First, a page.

Best radar detector for motorcycles
If you’re a motorcycle enthusiast, you probably know what a radar detector is. You’ve seen them in cars, and maybe you’ve heard the rumors of getting an automatic ticket if a cop spots a detector when they pull you over. This guide will help you stay one step ahead of ol’ Johnny Law by answering popular questions about motorcycle radar detectors and showing you how to install one on your bike.
What Can a Motorcycle Radar Detector Do?
A motorcycle radar detector is a device that tells you if law enforcement is using a radar, and sometimes a laser, anywhere near you. It often gives you time to slow down before the cop sees you. Such a device will pay for itself the first time you use it!
Where radars cast a wide net to find speeders, lasers have a very narrow focus. It’s hard to detect a laser without getting hit by it, and then it’s already too late. Apps like Waze can warn you about laser speed traps reported by others, and sometimes officers will fire their laser toward the top of a hill or around a corner. You won’t have a lot of warning in those cases, but you’ll have some.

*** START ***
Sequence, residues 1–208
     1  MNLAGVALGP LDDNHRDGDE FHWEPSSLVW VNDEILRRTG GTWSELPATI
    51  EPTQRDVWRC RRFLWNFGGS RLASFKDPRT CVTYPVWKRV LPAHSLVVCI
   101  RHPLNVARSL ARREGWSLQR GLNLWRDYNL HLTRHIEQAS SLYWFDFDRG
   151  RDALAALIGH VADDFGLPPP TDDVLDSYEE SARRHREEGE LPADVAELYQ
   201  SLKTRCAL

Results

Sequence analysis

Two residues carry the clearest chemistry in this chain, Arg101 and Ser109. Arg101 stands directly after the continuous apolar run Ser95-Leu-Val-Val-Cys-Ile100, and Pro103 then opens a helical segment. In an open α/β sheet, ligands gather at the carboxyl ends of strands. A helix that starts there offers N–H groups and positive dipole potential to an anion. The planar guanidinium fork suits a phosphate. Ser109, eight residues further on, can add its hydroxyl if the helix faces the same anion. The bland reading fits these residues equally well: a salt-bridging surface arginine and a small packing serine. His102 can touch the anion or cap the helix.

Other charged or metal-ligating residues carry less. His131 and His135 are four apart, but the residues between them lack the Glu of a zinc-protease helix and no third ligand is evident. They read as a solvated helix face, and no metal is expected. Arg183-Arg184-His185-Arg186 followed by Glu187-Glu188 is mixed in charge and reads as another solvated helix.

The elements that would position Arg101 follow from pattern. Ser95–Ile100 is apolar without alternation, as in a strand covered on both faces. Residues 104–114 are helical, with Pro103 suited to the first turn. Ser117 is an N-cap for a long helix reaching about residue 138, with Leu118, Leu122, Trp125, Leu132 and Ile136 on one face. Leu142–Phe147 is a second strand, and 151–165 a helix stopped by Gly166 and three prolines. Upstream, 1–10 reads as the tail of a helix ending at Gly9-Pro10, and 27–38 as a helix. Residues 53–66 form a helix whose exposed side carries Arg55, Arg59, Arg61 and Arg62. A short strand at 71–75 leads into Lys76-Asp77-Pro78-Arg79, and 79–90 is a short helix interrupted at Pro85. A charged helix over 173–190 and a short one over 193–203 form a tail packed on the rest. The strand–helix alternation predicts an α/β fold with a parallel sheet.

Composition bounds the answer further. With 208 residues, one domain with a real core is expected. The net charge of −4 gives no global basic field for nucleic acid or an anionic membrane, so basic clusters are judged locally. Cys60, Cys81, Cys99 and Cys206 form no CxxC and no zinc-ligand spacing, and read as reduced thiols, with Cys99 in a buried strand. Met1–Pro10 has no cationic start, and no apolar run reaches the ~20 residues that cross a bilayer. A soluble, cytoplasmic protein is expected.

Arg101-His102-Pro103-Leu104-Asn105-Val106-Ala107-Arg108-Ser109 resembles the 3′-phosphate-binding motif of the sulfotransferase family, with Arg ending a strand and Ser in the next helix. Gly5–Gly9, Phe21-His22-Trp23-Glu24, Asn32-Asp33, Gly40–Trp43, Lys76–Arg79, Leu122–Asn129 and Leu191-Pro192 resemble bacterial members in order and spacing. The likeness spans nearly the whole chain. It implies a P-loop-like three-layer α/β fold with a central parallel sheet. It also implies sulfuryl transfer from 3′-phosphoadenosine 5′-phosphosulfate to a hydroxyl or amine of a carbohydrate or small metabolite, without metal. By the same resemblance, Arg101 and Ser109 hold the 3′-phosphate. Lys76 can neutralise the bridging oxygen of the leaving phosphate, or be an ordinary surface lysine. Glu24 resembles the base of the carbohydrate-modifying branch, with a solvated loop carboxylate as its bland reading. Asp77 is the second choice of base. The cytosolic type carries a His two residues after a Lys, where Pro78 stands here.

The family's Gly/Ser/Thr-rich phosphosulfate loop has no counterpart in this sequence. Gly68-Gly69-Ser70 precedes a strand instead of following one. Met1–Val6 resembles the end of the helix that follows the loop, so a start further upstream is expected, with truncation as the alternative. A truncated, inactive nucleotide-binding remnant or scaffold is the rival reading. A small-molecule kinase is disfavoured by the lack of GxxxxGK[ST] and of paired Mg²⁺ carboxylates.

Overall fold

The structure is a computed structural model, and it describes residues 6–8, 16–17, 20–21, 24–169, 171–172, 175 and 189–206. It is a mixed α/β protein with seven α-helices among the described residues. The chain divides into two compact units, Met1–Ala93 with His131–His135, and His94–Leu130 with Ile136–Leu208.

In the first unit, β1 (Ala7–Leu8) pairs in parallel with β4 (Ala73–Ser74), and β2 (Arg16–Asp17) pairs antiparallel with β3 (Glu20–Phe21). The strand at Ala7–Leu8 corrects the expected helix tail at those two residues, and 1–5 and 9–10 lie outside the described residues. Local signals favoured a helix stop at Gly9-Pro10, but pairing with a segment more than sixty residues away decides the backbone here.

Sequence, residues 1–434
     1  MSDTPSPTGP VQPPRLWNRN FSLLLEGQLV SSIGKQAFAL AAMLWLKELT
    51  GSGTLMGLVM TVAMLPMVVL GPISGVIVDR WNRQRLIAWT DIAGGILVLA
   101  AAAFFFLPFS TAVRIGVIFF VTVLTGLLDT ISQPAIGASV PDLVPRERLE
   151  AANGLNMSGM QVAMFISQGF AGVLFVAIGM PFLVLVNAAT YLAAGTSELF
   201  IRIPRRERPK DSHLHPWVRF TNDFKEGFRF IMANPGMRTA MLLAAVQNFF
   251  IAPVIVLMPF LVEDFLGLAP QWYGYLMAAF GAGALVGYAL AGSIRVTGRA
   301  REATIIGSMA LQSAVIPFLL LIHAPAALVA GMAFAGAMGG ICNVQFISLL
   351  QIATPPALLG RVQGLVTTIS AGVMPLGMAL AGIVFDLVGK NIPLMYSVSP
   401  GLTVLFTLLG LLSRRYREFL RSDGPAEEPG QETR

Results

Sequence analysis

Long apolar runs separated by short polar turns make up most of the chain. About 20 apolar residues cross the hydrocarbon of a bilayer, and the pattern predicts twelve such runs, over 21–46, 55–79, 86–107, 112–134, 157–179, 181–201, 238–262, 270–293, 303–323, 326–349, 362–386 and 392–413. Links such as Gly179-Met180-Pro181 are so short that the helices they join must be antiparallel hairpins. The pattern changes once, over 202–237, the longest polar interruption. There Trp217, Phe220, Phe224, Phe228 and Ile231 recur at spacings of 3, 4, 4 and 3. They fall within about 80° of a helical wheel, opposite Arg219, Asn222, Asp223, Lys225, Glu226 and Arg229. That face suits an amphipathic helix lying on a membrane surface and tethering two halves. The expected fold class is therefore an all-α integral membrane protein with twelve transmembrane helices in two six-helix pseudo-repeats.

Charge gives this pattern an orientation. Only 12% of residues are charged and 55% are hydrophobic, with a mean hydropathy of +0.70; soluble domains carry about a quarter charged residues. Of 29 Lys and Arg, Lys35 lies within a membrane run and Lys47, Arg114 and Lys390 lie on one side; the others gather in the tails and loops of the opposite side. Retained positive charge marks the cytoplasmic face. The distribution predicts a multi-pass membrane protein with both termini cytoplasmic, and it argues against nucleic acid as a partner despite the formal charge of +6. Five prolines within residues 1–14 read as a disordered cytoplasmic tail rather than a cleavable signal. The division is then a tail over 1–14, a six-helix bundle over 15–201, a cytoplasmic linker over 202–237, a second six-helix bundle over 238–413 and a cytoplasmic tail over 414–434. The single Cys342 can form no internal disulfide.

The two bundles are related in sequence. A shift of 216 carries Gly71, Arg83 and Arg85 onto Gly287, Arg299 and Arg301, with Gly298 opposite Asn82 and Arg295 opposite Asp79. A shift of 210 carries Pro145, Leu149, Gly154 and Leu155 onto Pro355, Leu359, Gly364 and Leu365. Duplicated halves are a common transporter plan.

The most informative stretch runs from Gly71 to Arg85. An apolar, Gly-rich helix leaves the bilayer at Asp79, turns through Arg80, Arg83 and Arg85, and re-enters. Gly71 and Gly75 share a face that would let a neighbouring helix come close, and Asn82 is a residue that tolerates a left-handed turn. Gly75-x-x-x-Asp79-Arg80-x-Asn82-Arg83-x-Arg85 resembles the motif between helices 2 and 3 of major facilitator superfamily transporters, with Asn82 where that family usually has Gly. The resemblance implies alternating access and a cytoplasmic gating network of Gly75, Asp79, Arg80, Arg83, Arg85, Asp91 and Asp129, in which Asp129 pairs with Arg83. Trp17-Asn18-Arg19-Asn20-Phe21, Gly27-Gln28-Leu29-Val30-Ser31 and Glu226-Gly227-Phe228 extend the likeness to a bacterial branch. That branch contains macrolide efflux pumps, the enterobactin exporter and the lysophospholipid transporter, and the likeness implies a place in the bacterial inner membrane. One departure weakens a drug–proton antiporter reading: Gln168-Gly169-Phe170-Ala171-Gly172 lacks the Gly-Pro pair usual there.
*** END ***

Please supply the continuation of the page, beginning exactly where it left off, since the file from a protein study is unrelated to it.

The main functions found in a modern motorcycle radar detector include:
- X, K, KA, and KU frequency detection (RADAR bands)
- Optical band detection (LIDAR band) (lasers)
- An audio system for alerts
- A visual display for alerts
Some things to watch for when you’re shopping include:
- Radar AND laser detection
- Detection range
- Shock resistance
- Small form factor
Are radar detectors even legal in the US?
Check your state’s laws to be sure, but the only places in the United States with laws against radar detectors as of this writing are Virginia and Washington, D.C. California and Minnesota have laws against items affixed to your windshield which could technically be applied to detectors, so watch out there. US federal law prohibits use of radar detectors in commercial vehicles.